Bagpipes in the West Highland Museum by Ross Calderwood and James Merryweather In April 2019, the two of us visited Fort William to examine properly the bagpipes we had previously seen on display at the museum there, inaccessible behind glass but recognised as, at the very least, interesting. Having gained the interest and trust of the curator, we were also shown boxes of complete and incomplete bagpipes which the museum had insufficient space for display.Read more »
Callum Armstrong is an experimental piper who enjoys exploring the possibilities of the pipes. He won the solo prize in 2014 and the ‘Petite Formation’ Prize in 2015 with Cellist George Pasca at the ‘Son Continu’ Festival in France. Callum has recently collaborated with Julian Goodacre to develop a smallpipe chanter with almost 3 octaves, and is currently working developing a technique for the ‘double Scottish smallpipe chanter. Amongst Callum’s current projects are learning and developing reeds for ancient auloi and learning the Musette de cour.Read more »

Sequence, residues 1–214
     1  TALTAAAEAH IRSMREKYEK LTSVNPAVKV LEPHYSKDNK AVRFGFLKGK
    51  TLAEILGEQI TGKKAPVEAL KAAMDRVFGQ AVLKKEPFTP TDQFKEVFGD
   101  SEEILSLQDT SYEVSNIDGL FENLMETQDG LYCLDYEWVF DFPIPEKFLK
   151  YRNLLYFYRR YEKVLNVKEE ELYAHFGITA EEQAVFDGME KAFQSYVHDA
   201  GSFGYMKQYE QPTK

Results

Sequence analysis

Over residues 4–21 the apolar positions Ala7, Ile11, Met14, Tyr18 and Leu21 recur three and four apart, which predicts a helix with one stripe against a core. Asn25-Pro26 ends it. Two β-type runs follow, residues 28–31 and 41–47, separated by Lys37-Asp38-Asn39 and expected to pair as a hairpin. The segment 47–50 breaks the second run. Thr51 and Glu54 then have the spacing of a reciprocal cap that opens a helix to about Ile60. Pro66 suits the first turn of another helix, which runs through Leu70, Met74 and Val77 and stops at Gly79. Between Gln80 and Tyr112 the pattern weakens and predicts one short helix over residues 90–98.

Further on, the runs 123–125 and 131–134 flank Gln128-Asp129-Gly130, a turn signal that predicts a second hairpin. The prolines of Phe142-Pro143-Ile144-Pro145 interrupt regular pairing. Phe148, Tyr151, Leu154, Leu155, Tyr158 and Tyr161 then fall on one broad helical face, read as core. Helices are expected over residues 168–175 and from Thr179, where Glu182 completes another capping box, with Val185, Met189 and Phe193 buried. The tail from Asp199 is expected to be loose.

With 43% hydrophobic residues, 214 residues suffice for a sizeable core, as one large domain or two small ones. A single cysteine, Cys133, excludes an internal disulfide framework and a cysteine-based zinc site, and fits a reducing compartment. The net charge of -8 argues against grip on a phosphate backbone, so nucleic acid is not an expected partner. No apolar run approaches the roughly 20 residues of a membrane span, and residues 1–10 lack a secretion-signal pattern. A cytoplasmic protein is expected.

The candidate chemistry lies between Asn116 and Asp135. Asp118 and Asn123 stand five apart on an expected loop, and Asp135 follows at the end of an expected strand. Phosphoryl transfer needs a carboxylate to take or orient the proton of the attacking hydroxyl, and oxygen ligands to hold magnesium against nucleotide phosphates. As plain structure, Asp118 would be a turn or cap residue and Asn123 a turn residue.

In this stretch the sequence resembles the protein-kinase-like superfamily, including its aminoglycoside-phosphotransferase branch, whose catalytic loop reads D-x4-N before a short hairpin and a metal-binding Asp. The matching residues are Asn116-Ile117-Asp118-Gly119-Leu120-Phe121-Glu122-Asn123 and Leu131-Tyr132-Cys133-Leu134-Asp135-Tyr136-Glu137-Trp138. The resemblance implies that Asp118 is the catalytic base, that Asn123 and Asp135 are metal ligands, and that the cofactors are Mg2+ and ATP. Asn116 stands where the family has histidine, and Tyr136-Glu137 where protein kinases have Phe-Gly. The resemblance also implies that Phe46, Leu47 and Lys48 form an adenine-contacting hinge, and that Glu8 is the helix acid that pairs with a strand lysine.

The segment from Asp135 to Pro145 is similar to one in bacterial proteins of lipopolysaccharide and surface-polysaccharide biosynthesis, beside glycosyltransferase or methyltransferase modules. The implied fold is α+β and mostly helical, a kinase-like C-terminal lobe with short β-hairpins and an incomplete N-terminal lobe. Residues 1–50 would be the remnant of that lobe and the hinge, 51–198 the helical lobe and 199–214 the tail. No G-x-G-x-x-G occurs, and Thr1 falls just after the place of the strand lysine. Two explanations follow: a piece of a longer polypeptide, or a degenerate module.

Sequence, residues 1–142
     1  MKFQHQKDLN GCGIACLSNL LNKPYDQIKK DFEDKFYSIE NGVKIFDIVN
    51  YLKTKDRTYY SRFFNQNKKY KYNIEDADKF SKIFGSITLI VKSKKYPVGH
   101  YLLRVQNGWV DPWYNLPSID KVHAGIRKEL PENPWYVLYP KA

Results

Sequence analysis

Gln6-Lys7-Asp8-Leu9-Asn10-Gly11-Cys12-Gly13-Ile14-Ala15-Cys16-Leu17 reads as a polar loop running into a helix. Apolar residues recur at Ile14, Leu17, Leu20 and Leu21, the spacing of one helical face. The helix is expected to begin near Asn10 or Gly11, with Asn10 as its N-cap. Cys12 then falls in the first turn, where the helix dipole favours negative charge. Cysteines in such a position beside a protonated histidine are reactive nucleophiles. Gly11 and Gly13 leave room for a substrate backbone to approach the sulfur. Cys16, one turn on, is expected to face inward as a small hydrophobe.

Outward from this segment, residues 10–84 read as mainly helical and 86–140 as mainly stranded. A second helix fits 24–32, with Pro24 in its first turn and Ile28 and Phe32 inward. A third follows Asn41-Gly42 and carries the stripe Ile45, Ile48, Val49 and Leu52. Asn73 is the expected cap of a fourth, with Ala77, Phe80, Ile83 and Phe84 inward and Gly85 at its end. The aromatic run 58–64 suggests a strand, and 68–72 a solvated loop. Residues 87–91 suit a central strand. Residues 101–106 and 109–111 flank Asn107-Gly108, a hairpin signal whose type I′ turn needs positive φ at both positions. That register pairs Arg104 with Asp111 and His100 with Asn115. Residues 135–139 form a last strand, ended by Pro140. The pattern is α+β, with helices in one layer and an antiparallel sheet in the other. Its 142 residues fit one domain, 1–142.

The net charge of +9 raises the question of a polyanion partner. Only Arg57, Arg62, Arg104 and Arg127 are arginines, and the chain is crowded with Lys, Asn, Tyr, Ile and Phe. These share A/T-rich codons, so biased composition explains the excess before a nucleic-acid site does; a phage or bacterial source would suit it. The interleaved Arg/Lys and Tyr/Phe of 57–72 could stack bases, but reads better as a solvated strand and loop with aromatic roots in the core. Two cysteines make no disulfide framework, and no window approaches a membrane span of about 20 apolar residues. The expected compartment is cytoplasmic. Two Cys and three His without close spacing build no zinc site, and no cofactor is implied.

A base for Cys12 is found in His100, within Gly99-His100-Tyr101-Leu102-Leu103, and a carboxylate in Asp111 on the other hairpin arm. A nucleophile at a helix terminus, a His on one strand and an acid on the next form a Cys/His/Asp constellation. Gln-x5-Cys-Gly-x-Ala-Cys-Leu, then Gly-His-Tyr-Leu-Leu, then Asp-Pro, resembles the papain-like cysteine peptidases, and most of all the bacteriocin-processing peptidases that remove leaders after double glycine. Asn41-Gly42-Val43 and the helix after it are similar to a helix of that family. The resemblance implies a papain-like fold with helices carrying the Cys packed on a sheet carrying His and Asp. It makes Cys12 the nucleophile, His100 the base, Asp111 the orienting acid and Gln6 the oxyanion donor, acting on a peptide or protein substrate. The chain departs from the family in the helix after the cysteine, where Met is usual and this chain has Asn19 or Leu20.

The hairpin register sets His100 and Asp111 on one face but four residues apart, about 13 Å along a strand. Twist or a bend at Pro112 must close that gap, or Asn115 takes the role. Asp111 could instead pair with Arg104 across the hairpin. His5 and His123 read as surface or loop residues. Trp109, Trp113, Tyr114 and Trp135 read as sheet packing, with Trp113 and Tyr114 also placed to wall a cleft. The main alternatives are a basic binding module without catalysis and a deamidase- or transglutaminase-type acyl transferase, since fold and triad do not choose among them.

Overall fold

Baroque Musette (Musette de Cour) The Baroque Musette (Musette de Cour) First appearing in France at the very end of the sixteenth century, the musette was refined over the next hundred years by a number of instrument-making families. The best-known contributions came from the Hotteterre family: Martin Hotteterre added a second chanter, extending the instrument’s range. The short cylinder of the musette drone contains airways that double back on themselves.Read more »
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